Paper No. 2
Presentation Time: 1:55 PM


ZARATE, Marcelo Aristides, CONICET-Universidad Nacional de La Pampa, INCITAP, Avenida Uruguay 151, Santa Rosa, 6300, Argentina,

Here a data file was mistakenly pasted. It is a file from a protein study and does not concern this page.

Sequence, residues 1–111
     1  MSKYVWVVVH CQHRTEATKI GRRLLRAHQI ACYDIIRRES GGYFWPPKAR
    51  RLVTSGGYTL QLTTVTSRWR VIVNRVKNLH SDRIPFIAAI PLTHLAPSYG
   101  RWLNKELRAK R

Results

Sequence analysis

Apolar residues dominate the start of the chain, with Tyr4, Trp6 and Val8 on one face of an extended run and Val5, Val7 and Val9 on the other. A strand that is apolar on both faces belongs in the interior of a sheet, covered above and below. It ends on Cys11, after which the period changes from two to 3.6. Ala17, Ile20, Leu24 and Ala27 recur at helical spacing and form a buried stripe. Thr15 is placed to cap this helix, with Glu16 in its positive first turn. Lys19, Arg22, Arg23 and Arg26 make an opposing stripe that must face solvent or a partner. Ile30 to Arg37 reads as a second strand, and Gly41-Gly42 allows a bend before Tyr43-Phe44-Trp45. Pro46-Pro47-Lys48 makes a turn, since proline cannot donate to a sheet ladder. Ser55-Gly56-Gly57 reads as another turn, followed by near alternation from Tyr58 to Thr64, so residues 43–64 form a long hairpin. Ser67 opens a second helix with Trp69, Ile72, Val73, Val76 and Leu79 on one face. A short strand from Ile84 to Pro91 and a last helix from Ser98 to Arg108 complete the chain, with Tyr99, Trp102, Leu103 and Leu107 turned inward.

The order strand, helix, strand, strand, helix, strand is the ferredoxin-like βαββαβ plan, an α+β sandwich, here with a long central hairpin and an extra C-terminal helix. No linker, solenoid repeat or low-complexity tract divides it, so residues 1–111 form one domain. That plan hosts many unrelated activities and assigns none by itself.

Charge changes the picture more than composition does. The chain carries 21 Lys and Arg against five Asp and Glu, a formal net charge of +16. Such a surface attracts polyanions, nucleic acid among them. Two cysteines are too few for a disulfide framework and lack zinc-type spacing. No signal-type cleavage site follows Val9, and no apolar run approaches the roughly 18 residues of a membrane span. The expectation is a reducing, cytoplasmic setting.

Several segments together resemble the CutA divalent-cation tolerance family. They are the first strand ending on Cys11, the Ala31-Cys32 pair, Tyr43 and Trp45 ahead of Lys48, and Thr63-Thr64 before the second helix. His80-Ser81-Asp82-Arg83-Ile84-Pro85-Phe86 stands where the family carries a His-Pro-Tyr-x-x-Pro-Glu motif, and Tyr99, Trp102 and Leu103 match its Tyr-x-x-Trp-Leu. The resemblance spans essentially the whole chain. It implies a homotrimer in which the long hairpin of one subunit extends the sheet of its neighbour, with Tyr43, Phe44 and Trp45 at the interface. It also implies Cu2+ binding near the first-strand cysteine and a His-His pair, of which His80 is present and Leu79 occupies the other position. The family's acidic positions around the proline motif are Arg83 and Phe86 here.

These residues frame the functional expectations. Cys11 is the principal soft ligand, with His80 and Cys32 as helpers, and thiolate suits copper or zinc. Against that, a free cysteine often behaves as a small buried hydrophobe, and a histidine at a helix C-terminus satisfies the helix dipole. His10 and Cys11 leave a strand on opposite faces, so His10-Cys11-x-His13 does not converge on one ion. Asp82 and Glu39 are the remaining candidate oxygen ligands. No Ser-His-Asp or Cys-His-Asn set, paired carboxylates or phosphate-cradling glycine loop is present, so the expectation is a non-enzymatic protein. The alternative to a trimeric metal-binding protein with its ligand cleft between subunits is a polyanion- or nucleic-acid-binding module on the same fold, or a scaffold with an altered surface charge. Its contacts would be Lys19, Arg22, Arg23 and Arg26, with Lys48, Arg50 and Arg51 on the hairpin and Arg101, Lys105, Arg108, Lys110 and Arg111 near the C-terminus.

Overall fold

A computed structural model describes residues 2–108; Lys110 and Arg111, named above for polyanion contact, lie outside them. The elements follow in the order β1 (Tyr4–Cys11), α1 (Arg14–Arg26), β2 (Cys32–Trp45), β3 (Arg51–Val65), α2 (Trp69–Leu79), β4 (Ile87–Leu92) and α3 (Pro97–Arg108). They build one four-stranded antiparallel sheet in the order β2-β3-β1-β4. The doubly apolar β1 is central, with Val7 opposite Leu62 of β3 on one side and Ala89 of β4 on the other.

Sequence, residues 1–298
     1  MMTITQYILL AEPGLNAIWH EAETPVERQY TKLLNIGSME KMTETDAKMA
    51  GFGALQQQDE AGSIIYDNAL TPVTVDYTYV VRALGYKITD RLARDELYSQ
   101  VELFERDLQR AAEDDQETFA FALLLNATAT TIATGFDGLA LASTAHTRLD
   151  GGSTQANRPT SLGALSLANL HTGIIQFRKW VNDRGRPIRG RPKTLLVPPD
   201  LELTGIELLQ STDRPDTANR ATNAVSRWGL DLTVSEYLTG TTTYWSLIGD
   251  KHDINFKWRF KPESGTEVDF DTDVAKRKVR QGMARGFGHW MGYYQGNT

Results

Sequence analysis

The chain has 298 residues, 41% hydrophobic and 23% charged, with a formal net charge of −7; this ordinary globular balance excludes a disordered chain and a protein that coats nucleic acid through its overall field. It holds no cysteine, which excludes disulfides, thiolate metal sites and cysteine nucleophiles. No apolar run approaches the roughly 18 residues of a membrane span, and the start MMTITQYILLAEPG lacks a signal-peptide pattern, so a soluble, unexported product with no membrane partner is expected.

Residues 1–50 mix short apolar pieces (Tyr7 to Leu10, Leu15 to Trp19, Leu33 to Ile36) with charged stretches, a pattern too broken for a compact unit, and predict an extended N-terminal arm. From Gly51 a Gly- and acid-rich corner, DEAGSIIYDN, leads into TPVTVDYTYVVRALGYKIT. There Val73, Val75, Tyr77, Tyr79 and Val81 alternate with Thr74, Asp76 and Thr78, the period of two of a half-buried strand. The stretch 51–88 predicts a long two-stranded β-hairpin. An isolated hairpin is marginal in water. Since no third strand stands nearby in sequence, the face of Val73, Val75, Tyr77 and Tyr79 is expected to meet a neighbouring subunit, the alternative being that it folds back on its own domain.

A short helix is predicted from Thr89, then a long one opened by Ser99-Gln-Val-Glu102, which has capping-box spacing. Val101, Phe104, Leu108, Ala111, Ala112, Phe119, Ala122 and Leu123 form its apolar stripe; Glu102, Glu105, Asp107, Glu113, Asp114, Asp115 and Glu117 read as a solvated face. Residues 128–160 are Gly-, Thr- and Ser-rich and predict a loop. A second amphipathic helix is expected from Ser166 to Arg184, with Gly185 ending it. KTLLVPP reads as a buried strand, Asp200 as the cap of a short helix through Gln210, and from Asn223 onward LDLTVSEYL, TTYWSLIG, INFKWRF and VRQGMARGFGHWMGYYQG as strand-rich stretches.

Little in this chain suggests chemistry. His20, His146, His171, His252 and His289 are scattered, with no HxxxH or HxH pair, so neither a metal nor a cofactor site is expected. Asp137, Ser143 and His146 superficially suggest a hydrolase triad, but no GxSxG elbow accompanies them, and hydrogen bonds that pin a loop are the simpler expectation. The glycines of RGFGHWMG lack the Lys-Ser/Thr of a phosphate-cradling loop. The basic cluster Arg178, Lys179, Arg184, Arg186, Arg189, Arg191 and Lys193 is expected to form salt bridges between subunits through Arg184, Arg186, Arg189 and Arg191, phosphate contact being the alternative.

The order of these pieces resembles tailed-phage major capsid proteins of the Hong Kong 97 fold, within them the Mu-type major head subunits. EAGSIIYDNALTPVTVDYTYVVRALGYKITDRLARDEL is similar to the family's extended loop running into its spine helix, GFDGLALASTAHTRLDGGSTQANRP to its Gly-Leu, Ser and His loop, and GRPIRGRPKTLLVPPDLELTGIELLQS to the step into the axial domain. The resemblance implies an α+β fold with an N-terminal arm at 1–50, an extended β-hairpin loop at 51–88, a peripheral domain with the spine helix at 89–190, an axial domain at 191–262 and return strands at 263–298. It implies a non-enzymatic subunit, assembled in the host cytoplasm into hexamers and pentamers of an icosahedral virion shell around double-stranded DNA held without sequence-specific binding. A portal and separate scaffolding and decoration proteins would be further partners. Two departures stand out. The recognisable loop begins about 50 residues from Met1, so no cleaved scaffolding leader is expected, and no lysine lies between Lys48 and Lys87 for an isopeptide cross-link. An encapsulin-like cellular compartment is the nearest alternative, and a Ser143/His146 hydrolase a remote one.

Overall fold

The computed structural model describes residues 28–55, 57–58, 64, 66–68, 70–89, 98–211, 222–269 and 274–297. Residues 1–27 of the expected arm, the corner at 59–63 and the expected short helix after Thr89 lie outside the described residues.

The southern Pampean plain of Argentina is covered by a vast Neogene sedimentary mantle made up of loess and loess-like deposits of Andean source (volcaniclastic material) with an average thickness varying from 100 to 200 m. The outcrops are reduced to discontinuous exposures of very limited extension which together with its rather homogeneous lithology are major hindrances to correlate and analyze the stratigraphy of the succession, mostly based on its fossil vertebrate assemblages. The accumulation of the deposits, interpreted as sinorogenic material related to the late Miocene Andean orogeny, started circa 12 Ma following the marine regression of the Paranense sea. Paleosols are common throughout the succession along with carbonate accumulations of varied morphology. A unique and remarkable feature is the occurrence of vesicular and glassy fragments, known as escorias, which were reported since the first general studies in the late XIX century. Their genesis was debatable being attributed either to natural or human induced fires, diagenetic processes or volcanic activity. Studies developed during the last 15 years have demonstrated an impact origin for the escorias as revealed by their geological context together with their petrological and geochemical characteristics. Although originally thought to be distributed throughout the succession, detailed stratigraphic analysis permitted to identify three impact glass layers dated by 40Ar/39Ar at 3.27 Ma ± 0.08 Ma (Chapadmalal), 5.28 ± 0.04 Ma (Bahía Blanca) and 9.21 ± 0.08 Ma (Chasicó). The stratigraphic record of each event is characterized by the presence of a primary impact glass layer composed of large individuals (0.5m, 1m) as well as concentrations (up to 2 m in diameter) of angular fragments of variable sizes. These primary layers are followed by sedimentary units including much smaller, less abundant and usually rounded fragments of reworked impact glass. Thus, the primary layers of impact glass have become useful benchmarks which provided an independent tool to chronologically calibrate the late Miocene and Pliocene biostratigraphic units (Chasicoan, Huayquerian, Montehermosan and Chapadmalalan land mammal ages), as well as the two main cycles of the Neogene sedimentation process.